It's Jesus, Peter's Master, giving you the power to love in the face of painful words that cut to the heart, denying you love.

It's Jesus standing behind you, His nail-pierced hand on your shoulder, as you face the pain.

Jesus' hot tears mingle with yours at the morgue, the funeral and the grave.

Only the dynamic force of His Word will restore you. Only agape love, sacrificing self to face pain, will sustain you. Only God-given discipline, grown out of miles walked with Him, will allow you to face the lonely future, knowing He is there. And He is. He's the wind at your back, blowing you out of darkness, blowing the cold dread away, replacing it with power, love and self-control.

Like a bell sounding in the distance, muffled by the storm, come words rung from the apostle Paul's life, who was surely buffeted by the wind of fear. To your quailing heart he says, 'God is there.' God is always the next breath blowing into your heart, the prevailing wind that puts you back on course.
For this reason I also suffer these things; nevertheless I am not ashamed, for I know whom I have believed and am persuaded that He is able to keep what I have committed to Him until that Day. (verse 12)

Have you ever experienced the spirit of power? The spirit of love? The spirit of a sound mind? This wind, this spirit of hope, blows away the fear that seeks to pin you down to a hopeless world, wracked with anger, disfigured by pain, achingly isolated. With belief--faith--comes the fresh, stiff breeze blowing you into the future, along the path He blazed for you. He was unloved, bleeding, deserted, yet His path restores you to the reality of life in the light, where you will stand with Him throughout life's storms.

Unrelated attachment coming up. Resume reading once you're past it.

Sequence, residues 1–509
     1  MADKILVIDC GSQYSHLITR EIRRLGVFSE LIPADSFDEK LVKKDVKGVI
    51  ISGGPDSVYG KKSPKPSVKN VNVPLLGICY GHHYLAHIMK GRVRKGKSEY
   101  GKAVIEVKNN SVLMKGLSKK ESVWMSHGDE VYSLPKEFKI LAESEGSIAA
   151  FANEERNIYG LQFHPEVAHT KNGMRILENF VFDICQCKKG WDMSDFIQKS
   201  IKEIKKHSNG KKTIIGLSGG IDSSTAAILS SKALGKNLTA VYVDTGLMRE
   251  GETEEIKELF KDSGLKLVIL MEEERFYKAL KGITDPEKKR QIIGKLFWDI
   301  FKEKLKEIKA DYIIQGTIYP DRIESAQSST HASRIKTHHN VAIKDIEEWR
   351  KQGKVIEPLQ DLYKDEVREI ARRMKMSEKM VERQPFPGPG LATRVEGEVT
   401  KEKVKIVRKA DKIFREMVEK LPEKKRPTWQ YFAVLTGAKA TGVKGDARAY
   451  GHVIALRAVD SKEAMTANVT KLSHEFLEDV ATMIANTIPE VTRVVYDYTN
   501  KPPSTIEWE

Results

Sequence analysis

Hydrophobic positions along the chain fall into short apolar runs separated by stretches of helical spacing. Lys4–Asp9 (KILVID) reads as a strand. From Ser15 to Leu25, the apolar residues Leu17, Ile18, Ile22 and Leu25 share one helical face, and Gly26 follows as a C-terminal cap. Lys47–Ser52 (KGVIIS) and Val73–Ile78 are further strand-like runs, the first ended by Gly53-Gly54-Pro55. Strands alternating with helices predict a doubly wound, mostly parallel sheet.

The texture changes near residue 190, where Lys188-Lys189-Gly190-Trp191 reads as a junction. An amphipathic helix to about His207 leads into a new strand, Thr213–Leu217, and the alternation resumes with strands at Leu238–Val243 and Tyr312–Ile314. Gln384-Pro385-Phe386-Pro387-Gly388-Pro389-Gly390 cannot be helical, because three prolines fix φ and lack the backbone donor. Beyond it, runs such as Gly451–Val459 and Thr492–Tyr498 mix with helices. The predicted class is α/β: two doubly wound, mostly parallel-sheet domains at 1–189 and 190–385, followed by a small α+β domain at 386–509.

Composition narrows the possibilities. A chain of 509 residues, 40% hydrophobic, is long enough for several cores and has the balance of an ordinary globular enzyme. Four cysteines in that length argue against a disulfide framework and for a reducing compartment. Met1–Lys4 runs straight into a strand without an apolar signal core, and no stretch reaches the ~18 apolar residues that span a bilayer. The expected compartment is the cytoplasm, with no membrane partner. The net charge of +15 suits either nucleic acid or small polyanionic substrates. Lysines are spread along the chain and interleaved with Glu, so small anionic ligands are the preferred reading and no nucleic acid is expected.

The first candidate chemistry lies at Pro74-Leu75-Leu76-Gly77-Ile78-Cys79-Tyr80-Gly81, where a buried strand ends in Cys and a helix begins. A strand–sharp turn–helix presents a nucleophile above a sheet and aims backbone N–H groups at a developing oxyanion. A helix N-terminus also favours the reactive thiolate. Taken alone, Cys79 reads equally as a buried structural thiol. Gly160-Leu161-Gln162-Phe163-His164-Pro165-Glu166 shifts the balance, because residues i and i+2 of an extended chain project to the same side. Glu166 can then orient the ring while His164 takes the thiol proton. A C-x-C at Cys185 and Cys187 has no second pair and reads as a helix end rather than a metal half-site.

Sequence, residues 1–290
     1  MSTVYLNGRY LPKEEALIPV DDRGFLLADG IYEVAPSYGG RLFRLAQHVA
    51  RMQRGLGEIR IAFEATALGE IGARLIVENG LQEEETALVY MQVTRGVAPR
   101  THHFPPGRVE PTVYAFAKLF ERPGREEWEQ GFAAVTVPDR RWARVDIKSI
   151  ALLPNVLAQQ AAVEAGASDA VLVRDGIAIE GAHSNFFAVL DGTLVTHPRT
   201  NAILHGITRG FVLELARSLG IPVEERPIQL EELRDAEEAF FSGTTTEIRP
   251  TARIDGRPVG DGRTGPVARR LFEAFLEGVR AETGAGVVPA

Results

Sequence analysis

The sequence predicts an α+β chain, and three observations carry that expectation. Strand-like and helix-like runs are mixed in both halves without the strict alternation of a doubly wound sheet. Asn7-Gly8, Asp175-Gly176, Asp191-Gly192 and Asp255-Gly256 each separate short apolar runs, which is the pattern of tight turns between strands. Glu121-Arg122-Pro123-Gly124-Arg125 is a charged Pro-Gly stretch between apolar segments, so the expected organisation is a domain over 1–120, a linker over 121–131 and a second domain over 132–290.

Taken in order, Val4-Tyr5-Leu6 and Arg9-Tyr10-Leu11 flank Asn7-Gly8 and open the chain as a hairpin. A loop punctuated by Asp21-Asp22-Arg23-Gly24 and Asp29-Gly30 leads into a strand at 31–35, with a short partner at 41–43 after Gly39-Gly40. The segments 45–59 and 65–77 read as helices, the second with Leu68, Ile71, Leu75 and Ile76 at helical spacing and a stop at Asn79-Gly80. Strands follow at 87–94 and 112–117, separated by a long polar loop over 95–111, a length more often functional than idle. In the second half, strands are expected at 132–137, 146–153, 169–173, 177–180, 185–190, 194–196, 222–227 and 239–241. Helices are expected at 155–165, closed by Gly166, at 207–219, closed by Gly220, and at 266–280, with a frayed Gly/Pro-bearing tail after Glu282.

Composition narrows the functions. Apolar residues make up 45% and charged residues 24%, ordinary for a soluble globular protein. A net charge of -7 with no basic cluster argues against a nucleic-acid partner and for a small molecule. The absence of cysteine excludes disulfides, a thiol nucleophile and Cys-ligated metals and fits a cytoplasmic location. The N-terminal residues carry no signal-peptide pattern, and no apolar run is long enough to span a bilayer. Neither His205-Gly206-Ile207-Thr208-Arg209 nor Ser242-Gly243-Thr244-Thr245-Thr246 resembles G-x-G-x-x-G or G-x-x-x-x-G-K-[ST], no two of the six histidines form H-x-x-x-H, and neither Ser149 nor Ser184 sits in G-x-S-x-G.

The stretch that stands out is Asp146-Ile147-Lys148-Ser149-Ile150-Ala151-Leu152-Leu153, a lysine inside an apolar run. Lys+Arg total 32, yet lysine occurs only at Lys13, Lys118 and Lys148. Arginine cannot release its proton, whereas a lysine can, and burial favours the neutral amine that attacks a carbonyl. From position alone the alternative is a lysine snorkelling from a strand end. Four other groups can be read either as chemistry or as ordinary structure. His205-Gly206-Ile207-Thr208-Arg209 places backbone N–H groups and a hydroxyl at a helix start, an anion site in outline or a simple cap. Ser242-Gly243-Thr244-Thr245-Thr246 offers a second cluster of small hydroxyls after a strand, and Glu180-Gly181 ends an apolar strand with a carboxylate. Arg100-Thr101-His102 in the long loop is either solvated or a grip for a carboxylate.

I painted a portrait of my great-grandfather, known only to me as Grandpa Klopp, a man I've heard my mother reminisce about all her life. I know very little about him. The legacy he left is but a whisper to me. A man of faith. A loving father and grandfather. He was a minister, married twice, and father to a little girl who grew up without her mother. He crossed the country in a wagon and built a sod house on the barren plains of Nebraska. His life was accompanied by tragedy: a young wife dying; a daughter who walked away from the faith in which she was raised to follow the vagaries of Mary Baker Eddy, taking her five children with her. Yet he was greatly loved by his granddaughter, my mother.

I see traces of his face in my uncle and cousin, and wonder where his DNA resides in me. I like his eyes. Maybe a bit of my vision came from him. Maybe he prayed for me and God answered his prayer. I hope to meet him in heaven. Then we can talk about the storms of fear the blew counter to the wind of God and how we both withstood them, faithfully committed to the Lord Jesus Christ until the day we each met Him face-to-face. It will be a good day.